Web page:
- Suicide rates were significantly higher in 2017 compared with 1999 among males aged 10-14 (3.3 and 1.9, respectively), 15-24 (22.7 and 16.8), 25-44 (27.5 and 21.6), 45-64 (30.1 and 20.8) and 65-74 (26.2 and 24.7).
- In 2017, the age-adjusted suicide rate for the most rural (noncore) counties was 1.8 times the rate for the most urban (large central metro) counties (20.0 and 11.1 per 100,000, respectively).
- From 1999 through 2017, the age-adjusted suicide rate increased 33% from 10.5 per 100,000 standard population to 14.0 (Figure 1). The rate increased on average by about 1% per year from 1999 through 2006 and by 2% per year from 2006 through 2017.
- For males, the rate increased 26% from 17.8 in 1999 to 22.4 in 2017. The rate did not significantly change from 1999 to 2006, then increased on average by about 2% per year from 2006 through 2017.
- For females, the rate increased 53% from 4.0 in 1999 to 6.1 in 2017. The rate increased on average by 2% per year from 1999 through 2007 and by 3% per year from 2007 through 2017.
In addition, the study found the following:
During this period (1999-2017), the age-adjusted suicide rate increased 33% from 10.5 per 100,000 in 1999 to 14.0 in 2017. The average annual percentage increase in rates accelerated from approximately 1% per year from 1999 through 2006 to 2% per year from 2006 through 2017. The age-adjusted rate of suicide among females increased from 4.0 per 100,000 in 1999 to 6.1 in 2017, while the rate for males increased from 17.8 to 22.4. Compared with rates in 1999, suicide rates in 2017 were higher for males and females in all age groups from 10 to 74 years. The differences in age-adjusted suicide rates between the most rural (noncore) and most urban (large central metro) counties was greater in 2017 than in 1999. In 1999, the age-adjusted suicide rate for the most rural counties (13.1 per 100,000) was 1.4 times the rate for the most urban counties (9.6), while in 2017, the age-adjusted suicide rate for the most rural counties (20.0) was 1.8 times the rate for the most urban counties (11.1). The age-adjusted suicide rate for the most urban counties in 2017 (11.1 per 100,000) was 16% higher than the rate in 1999 (9.6), while the rate for the most rural counties in 2017 (20.0) was 53% higher than the rate in 1999 (13.1).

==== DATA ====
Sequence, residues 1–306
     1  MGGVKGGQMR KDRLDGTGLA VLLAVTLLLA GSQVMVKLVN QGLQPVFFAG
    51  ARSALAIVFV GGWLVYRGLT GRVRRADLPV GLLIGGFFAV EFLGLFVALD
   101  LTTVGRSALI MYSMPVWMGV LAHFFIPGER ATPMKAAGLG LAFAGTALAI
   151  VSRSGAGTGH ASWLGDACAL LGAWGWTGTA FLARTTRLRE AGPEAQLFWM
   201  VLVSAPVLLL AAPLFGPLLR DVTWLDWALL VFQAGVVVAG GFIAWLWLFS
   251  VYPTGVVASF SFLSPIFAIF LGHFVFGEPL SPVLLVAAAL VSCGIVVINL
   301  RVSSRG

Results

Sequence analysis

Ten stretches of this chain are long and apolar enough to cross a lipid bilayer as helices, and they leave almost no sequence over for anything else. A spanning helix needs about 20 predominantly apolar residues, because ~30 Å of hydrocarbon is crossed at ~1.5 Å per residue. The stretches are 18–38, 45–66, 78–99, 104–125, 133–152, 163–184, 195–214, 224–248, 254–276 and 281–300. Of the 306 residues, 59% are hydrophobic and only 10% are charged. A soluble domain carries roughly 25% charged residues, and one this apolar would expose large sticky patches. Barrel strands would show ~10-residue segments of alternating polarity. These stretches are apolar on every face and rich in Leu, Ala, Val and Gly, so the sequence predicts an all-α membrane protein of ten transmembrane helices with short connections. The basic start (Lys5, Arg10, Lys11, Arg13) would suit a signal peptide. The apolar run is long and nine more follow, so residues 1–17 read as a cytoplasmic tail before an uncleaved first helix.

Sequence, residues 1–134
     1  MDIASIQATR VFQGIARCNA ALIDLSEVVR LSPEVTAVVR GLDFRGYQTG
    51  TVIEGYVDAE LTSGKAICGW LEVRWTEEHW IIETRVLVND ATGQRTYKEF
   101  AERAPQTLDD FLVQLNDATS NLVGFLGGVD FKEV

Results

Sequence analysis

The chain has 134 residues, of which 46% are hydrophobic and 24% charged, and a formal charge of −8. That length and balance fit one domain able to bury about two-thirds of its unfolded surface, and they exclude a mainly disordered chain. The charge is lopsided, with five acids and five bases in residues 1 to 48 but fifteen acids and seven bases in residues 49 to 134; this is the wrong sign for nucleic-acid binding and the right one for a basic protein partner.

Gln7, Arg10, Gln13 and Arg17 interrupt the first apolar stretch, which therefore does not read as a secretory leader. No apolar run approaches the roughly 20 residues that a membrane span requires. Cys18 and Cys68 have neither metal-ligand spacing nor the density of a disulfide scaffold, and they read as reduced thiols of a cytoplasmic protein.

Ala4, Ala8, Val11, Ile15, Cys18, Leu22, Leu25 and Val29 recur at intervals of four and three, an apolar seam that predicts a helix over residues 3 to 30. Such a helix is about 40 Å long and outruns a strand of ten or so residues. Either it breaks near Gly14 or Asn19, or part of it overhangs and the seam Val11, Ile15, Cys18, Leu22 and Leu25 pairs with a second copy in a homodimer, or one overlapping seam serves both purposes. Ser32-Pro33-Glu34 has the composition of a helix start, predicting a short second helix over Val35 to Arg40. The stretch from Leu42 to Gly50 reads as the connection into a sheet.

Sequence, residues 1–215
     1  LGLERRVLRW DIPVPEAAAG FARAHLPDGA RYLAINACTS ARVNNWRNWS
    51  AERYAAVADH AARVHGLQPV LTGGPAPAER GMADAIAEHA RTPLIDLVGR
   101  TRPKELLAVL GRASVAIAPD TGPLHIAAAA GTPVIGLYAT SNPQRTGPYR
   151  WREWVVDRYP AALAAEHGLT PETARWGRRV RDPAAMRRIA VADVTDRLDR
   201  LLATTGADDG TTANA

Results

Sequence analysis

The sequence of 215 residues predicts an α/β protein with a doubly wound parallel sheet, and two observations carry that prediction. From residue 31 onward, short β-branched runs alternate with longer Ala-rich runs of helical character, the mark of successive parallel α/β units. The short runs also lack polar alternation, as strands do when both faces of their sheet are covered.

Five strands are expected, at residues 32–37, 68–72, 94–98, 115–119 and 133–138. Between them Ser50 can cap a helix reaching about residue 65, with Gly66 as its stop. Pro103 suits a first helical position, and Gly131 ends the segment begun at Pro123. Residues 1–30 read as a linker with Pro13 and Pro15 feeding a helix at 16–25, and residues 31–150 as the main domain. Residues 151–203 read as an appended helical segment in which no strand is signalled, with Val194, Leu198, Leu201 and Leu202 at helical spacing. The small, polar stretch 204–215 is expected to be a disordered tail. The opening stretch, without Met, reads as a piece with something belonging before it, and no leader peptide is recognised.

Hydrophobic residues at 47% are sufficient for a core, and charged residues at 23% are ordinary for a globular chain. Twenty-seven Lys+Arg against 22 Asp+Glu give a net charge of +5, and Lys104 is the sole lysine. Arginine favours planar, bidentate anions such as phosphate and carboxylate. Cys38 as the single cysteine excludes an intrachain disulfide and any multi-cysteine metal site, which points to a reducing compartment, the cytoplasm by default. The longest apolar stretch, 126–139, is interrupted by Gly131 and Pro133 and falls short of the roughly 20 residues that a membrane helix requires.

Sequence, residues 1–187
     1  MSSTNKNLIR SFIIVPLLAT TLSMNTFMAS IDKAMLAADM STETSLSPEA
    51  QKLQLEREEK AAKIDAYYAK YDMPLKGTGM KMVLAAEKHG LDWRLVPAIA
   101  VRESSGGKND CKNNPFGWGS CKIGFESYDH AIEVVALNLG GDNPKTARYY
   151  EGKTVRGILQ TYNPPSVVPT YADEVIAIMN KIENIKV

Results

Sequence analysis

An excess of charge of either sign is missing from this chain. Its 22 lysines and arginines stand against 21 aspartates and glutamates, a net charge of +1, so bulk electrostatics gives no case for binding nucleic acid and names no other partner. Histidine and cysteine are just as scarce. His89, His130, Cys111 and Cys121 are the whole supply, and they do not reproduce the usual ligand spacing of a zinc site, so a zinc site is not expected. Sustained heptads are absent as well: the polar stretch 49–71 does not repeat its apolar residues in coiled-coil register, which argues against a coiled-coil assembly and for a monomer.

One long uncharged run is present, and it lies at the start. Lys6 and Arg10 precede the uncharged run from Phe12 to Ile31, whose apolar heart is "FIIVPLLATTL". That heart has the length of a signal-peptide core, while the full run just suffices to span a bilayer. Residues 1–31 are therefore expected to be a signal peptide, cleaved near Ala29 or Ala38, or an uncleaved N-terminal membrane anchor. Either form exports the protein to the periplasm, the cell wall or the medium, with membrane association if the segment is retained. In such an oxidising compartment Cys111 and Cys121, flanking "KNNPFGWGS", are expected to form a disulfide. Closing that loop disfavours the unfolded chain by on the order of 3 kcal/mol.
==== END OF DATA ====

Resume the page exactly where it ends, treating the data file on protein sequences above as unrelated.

In other words, suicide is a problem in both the civilian and military worlds. The fact that the suicide rate for the population as a whole has risen so significantly since the start of the 21st Century is, at least in part, one of the reasons why we’re seeing similar increases for a specific segment of the population such as active-duty military and veterans. However, it’s also likely that there are reasons for this phenomenon that are specific to the military. One of the most obvious reasons that many people point to are issues such as Post-Traumatic Stress Disorder (PTSD) and other mental health issues that impact soldiers who have served in any of the numerous theaters where the United States has soldiers in the middle of active combat. While the Veterans Administration and other government agencies are supposed to be devoted to the health of active-duty soldiers and combat veterans, the reality is that far too many people have been allowed to fall through the cracks. At the very least, we owe these men and women who have fought for their country the care they need, even in cases where we now oppose the war that they were fighting. Anything less is dishonorable and shameful.
Giacomo closes here column with this, and I think it’s appropriate to post it here:
[T]he crisis line for veterans is 1-800-273-8255 (press 1). Another resource for those having thoughts of suicide is the National Suicide Prevention Lifeline at 1-800-273-8255 (TALK). You can find a list of additional resources at SpeakingOfSuicide.com/resources.
And if you know someone, whether active-duty, veteran, or civilian who appears to need help, reach out to them.